The Family Courts Bill 2022 provides for the establishment of a Family High Court, Family Circuit Court and Family District Court as divisions within the existing court structures.

The stated aim is the development of a more efficient and user-friendly Family Court system. It hopes to achieve a system that puts families at the centre of its activities, facilitate access to specialist supports and encourages the use of appropriate dispute resolution in family law proceedings.

The draft Family Courts Bill (2022) is currently before the Houses of the Oireachtas. The Bill proposes that most Divorce, Judicial Separation and Co-habitation proceedings be reassigned to the District Court.

In the main these changes are welcomed, though there are some concerns. The Bar of Ireland is calling for urgent amendments to the draft Family Courts Bill to avoid the creation of a two-tier family justice system, and to ensure there is fairness for all families before the courts.

The Chair of the Council of The Bar of Ireland, Sara Phelan SC, says, “The rationale for this proposed reassignment is not clear. The Bar of Ireland is not aware of any concerns expressed by those involved in the family justice system about the allocation of jurisdiction between courts. This seems to be a solution in search of a problem.

“Of primary concern to us is that the approach that is currently proposed in the Bill will result in the creation of a two-tier family justice system. Not only is it not fair, but it will also only add to what is an already over-burdened District Court, often described as the ‘A&E’ of the courts system.

“We are calling on Government to revisit this aspect of the Bill urgently, and to afford the same fairness to all families and those in the midst of relationship breakdown.”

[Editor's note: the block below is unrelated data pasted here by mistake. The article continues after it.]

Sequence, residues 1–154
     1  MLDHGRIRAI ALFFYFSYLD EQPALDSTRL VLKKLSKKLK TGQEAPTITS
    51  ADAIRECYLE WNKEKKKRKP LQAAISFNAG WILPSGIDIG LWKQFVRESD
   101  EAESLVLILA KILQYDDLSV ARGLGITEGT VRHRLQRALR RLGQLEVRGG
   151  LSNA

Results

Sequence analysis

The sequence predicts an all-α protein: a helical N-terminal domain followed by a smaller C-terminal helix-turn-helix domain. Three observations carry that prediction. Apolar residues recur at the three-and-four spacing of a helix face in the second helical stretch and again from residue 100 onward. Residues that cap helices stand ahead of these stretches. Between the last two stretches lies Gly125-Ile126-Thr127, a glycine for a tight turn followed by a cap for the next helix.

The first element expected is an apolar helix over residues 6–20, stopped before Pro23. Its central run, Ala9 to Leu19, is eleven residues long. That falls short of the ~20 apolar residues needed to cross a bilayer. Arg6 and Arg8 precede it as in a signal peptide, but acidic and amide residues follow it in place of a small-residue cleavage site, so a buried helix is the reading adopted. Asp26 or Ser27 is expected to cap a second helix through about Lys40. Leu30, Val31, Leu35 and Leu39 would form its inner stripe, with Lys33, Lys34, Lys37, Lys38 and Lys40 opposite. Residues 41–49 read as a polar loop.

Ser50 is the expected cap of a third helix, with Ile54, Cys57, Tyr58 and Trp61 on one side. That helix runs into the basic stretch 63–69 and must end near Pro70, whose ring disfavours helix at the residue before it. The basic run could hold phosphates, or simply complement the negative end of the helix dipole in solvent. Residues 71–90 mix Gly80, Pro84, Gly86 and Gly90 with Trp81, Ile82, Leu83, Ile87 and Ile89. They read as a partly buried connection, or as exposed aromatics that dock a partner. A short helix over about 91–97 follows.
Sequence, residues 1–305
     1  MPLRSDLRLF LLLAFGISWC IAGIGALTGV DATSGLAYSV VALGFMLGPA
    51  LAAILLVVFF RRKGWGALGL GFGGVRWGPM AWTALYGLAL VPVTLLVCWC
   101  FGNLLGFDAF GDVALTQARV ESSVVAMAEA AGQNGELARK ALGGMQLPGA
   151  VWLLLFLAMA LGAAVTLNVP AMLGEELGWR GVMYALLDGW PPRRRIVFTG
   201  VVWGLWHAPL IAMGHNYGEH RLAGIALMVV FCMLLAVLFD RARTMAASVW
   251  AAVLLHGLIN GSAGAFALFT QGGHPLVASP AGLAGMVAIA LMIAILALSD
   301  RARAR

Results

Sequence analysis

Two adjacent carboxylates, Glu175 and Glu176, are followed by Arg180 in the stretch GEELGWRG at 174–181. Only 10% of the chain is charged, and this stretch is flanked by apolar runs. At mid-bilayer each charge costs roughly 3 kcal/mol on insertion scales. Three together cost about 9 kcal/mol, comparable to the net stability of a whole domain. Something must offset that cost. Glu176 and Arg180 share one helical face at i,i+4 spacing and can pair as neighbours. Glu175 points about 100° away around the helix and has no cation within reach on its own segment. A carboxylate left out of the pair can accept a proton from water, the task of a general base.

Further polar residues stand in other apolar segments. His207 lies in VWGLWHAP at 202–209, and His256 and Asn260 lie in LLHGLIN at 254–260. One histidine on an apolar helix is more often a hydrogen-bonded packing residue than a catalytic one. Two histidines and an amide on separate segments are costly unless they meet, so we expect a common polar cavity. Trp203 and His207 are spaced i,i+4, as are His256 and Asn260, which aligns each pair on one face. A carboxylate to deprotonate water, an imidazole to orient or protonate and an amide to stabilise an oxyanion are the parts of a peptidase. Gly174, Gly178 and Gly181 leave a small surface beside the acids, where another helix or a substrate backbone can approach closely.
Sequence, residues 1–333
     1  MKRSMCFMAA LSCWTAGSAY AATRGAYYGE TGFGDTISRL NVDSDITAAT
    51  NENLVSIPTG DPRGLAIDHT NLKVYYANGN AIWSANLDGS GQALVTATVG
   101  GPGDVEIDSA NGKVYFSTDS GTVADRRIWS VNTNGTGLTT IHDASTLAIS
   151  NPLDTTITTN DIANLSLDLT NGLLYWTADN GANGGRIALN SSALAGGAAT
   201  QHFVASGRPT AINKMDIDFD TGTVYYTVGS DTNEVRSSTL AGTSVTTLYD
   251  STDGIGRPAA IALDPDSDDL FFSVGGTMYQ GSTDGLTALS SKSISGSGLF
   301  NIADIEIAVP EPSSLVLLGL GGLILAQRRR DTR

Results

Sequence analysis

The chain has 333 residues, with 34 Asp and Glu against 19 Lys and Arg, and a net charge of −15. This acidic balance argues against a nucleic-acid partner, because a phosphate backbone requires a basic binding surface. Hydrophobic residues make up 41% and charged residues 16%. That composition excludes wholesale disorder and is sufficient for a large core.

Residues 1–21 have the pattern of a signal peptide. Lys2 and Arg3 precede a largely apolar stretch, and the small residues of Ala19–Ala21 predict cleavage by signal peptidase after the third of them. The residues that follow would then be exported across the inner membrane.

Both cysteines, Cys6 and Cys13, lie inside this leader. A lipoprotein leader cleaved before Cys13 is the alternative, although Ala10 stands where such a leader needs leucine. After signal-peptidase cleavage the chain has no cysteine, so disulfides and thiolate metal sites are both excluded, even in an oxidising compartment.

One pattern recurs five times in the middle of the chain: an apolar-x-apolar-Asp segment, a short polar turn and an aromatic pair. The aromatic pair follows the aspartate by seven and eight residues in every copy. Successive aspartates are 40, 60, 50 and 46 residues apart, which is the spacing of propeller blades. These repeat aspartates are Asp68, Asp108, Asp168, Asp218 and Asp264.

This topic also came up in a recent Family and Child Law webinar. The moderator of the annual webinar was Peter Doyle, who is chair of the Law Society’s Child and Family Law Committee. He encouraged attendees to review and provide feedback to the committee on the Family Courts Bill 2022.

During the webinar, Keith Walsh (principal, Keith Walsh Solicitors) summed up the problem as he saw it with the Family Courts Bill 2022 being implemented as it stands: “There is a serious risk that the transfer of cases from the Circuit Court to an already over-busy District Court will lead, not just to a delay for judicial separation and divorce cases, but also to delays in other civil and family-law areas, such as domestic violence, guardianship, custody and access cases, as well as maintenance and childcare cases,” he warned.

NB – This is a guide for information purposes only and does not constitute legal advice. If you have an issue requiring legal advice, please contact any of the team at Nolan Farrell & Goff LLP, whose numbers can be found on our website, or email